LinkedList implements List

LinkedList implements List, Queue:- Linked Lists are a very common way of storing arrays of data. The major benefit of linked lists is that you do not specify a fixed size for your list. The more elements you add to the chain, the bigger the chain gets. .When accessed via the Queue interface, LinkedList behaves as a FIFO queue.

Linked list implementation of the List interface. Implements all optional list operations, and permits all elements (including null). In addition to implementing the List interface, the LinkedList class provides uniformly named methods to get, remove and insert an element at the beginning and end of the list. These operations allow linked lists to be used as a stack, queue, or double-ended queue (deque).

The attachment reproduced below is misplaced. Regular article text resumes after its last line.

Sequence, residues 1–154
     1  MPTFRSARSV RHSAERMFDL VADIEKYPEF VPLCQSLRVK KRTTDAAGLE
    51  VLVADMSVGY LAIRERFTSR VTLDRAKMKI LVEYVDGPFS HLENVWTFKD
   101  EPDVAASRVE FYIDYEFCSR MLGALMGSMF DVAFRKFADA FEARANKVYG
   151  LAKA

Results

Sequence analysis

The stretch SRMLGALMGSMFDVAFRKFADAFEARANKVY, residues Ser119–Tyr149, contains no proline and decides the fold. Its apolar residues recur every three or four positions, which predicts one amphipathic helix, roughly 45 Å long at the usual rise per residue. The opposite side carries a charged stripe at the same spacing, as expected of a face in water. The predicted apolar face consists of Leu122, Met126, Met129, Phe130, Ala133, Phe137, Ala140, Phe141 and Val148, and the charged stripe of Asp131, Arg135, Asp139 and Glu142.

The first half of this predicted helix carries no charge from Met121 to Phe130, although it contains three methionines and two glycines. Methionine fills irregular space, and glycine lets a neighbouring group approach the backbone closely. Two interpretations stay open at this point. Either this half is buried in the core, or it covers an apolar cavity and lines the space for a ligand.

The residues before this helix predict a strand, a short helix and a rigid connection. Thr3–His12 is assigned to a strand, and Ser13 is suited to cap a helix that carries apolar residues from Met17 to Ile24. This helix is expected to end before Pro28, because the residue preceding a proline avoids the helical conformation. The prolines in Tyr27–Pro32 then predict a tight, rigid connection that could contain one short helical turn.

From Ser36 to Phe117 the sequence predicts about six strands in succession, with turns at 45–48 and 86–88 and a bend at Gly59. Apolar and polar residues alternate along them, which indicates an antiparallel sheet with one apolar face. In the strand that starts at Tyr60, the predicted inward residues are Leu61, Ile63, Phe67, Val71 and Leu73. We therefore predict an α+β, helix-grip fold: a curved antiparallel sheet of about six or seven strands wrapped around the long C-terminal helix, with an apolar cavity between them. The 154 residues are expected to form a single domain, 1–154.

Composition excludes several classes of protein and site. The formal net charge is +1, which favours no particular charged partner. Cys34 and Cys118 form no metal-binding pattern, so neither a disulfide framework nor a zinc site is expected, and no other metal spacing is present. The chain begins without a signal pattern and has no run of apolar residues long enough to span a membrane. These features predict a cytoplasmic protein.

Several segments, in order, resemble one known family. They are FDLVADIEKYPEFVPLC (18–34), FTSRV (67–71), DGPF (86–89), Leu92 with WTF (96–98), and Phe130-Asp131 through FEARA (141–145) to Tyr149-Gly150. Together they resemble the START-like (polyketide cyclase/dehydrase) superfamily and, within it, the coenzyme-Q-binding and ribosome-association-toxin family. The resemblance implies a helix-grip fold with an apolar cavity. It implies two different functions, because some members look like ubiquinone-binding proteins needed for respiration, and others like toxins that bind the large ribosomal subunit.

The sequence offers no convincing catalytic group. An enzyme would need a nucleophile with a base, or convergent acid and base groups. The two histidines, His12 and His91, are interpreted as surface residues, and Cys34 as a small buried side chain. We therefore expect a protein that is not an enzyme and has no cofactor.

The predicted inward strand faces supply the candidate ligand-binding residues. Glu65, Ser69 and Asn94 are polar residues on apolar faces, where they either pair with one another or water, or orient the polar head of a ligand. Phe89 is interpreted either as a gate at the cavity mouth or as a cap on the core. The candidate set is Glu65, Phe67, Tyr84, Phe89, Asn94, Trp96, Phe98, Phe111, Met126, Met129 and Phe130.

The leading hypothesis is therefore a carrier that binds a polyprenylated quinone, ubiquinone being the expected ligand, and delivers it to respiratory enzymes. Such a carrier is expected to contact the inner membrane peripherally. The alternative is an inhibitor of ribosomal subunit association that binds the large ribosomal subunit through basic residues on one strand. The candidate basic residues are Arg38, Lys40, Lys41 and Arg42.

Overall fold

Note that this implementation is not synchronized.

import java.util.*;
class LinkedListDemo {
public static void main(String args[]) {
// create a linked list
LinkedList ll = new LinkedList();
// add elements to the linked list
ll.add(1, "A2");
System.out.println("Original contents of ll: " + ll);
// remove elements from the linked list
System.out.println("Contents of ll after deletion: "
+ ll);
// remove first and last elements
System.out.println("ll after deleting first and last: "
+ ll);
// get and set a value
Object val = ll.get(2);
ll.set(2, (String) val + " Changed");
System.out.println("ll after change: " + ll);
The output from this program is shown here:
Original contents of ll: [A, A2, F, B, D, E, C, Z]
Contents of ll after deletion: [A, A2, D, E, C, Z]
ll after deleting first and last: [A2, D, E, C]
ll after change: [A2, D, E Changed, C]

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Wouldn't ArrayList be a more common way of storing an array of data.

Which operations are optional?

I would suggest you format your code to make it easier to read.

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